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NMSU environmental monitoring research center protects citizens in southeastern New Mexico

Established in 1991, the Carlsbad Environmental Monitoring and Research Center has operated an independent environmental monitoring program for the Waste Isolation Pilot Plant to detect for exposure to radioactive materials.


Man stands and gives a presentation.
Russell Hardy, Director of the Carlsbad Environmental Monitoring and Research Center (CEMRC), speaks during a New Mexico State University Scholarly Excellence Rally Friday, Feb. 13, at O?Donnell Hall. (NMSU photo by Darren Phillips)

Russell Hardy, director of CEMRC, an entity of the New Mexico State University College of Engineering, was honored at NMSU?s Scholarly Excellence Rally Friday, Feb. 13.

The U.S. Department of Energy recently refunded CEMRC through a five-year, $15 million financial assistance grant to continue to monitor the WIPP site, which is located 28 miles southeast of Carlsbad, New Mexico. A Department of Energy-owned facility, the WIPP facility is a deep geologic disposal facility that permanently disposes of defense-related transuranic waste, and is the first and only facility of its kind in the U.S.

?Our primary mission is to evaluate the environment in and around the WIPP facility to make sure the waste that gets placed underground stays there and doesn?t get released to the air, water, soil or to the people inhabiting Carlsbad or surrounding areas,? Hardy said.

CEMRC began its environmental monitoring program in 1997, and two years later the WIPP site received its first waste.

?We had two years of background baseline data before any waste was placed into the ground that we then can compare to and show that the WIPP site was not having any impact on the environment,? Hardy said.

On Feb. 14, 2014, an underground radiation release occurred at the WIPP site, and one or more drums of radioactively-contaminated waste experienced a chemical reaction, which breached the containers and released large amounts of radioactive contamination (Americium and Plutonium) into the underground WIPP ventilation system.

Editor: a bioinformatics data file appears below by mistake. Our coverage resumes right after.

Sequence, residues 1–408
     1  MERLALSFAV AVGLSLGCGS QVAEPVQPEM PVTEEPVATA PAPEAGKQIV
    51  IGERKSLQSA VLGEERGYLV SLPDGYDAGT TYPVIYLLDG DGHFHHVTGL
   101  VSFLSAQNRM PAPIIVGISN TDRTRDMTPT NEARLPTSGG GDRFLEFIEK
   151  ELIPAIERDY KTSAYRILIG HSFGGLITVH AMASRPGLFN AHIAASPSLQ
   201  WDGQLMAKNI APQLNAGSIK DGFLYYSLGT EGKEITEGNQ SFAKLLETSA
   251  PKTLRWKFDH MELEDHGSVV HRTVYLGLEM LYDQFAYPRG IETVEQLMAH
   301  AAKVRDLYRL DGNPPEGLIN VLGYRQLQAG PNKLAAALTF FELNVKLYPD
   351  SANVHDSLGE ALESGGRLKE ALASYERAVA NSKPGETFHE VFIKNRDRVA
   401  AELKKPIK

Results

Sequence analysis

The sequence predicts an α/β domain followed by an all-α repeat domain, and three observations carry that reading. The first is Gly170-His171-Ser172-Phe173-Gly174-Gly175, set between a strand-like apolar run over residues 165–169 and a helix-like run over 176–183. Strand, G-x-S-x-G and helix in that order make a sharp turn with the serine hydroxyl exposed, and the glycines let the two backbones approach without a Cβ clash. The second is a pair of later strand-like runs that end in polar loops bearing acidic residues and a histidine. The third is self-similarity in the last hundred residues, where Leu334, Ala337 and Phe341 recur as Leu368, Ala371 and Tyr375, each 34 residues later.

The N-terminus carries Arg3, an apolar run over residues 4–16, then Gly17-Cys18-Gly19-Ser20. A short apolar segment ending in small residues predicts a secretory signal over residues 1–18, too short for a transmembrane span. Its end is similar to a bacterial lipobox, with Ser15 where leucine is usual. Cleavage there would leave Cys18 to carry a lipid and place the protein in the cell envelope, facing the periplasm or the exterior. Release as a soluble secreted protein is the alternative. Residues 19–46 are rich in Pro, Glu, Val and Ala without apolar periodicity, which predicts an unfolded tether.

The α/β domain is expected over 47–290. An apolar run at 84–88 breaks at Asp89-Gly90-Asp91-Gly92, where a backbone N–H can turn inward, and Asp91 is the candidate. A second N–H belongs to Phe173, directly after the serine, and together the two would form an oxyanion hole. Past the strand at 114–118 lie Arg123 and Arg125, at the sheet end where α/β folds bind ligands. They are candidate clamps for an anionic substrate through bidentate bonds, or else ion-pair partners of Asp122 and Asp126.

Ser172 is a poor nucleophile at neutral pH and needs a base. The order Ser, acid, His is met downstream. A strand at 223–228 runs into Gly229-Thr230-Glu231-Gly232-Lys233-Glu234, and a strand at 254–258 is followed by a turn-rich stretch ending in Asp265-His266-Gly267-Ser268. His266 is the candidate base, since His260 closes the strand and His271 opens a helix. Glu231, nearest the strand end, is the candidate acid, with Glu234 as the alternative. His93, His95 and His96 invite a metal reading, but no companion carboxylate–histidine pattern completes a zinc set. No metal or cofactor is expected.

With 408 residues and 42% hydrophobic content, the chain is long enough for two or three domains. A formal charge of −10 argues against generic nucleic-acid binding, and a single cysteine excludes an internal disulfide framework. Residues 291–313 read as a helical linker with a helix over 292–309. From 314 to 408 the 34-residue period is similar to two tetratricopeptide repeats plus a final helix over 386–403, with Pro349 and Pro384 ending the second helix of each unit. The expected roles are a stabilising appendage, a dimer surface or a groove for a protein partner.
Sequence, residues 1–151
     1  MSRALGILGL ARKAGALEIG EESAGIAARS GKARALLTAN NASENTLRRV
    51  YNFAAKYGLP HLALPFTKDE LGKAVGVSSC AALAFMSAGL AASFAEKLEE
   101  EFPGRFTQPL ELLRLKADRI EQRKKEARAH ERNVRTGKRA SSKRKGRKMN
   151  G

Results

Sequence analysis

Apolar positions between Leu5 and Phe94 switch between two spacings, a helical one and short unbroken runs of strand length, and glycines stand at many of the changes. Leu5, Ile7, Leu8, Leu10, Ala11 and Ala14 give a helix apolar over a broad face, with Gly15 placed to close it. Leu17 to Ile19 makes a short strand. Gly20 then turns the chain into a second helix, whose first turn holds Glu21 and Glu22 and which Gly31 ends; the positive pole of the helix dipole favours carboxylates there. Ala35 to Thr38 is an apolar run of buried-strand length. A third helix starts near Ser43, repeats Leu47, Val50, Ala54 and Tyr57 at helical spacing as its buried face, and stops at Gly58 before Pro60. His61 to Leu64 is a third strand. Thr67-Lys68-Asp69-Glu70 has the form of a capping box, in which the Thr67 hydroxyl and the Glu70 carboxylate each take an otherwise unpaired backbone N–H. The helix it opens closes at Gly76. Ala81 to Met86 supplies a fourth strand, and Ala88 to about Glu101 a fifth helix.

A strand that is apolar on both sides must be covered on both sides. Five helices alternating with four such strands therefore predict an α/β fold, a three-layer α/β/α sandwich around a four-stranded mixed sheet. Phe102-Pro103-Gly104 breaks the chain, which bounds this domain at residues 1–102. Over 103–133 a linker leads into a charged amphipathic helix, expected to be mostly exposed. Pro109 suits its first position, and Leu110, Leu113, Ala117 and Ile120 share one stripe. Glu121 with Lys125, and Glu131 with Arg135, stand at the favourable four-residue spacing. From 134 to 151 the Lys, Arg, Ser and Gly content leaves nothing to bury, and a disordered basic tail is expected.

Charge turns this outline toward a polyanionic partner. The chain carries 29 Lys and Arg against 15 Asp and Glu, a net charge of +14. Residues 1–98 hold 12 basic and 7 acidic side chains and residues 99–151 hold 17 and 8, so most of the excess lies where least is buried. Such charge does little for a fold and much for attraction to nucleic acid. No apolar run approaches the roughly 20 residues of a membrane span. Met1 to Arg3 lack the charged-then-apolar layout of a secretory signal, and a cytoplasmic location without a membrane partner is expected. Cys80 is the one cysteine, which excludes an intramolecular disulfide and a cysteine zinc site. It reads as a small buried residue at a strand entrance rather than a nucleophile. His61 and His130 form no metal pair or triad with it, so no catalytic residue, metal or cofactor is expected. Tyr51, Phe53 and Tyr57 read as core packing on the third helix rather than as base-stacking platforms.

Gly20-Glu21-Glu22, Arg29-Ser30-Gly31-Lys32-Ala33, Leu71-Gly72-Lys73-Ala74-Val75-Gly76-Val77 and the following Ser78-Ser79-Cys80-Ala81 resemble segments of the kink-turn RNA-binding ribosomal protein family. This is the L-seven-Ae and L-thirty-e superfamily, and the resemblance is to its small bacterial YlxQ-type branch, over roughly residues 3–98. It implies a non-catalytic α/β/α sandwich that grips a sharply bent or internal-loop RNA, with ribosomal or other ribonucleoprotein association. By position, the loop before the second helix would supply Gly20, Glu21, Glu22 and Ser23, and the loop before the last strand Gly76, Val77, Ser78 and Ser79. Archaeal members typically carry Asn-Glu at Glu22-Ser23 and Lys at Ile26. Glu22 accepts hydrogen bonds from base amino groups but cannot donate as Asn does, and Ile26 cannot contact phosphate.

CEMRC was the first to discover and quantify the presence of small amounts of radioactive contamination, which escaped the WIPP site. CEMRC has supplied important information to both the Department of Energy and residents about the extent of the radiation release and negligible impact to the local environment and the population since the radiation release event one year ago.

Additionally, the CEMRC facility has a lung and whole-body counter that screens for gamma-emitting radioisotopes. CEMRC houses the only counter in the nation that is open to the public.

Hardy said he thinks CEMRC provided a sense of relief for local residents after the WIPP release. On average the facility conducted 20 to 30 screenings per year prior to the 2014 release.

?Right after the event we saw 60 citizens in a month come in wanting to be counted, and they saw our data and saw that their counts were not detectable, and we saw a calming effect. Now we are back down to one or two a month.?

To fulfill its commitment as an independent environmental monitoring program, CEMRC collects and analyzes a variety of samples in and around the WIPP facility. Samples collected include air samples from within the WIPP repository, ambient air samples from the desert surrounding the WIPP repository, soil samples from around the WIPP repository, drinking water samples from five municipal water systems in the region and surface water/sediment samples from three public lakes in the vicinity of the WIPP facility.

?Our primary focus is on airborne contamination,? he added. ?We spend a lot of time looking at the air flowing through the repository because that?s where the waste would eventually be released from and then we look at the air around the desert around the facility to make sure it?s not being pumped out into the environment.?

At the WIPP site, radioactive and mixed wastes are placed for permanent disposal 2,150-feet underground in 250-million-year-old salt beds. Primarily due to the absence of water, the Permian-aged salt beds are a suitable disposal method. Other reasons to utilize salt beds for disposal include a stable geology and a self-healing or plastic-like property that allows the salt to contain the waste and keep it enclosed for hundreds of millions of years.

CEMRC produces an annual report and all of its data is available to the public. For more information on CEMRC, visit www.cemrc.org.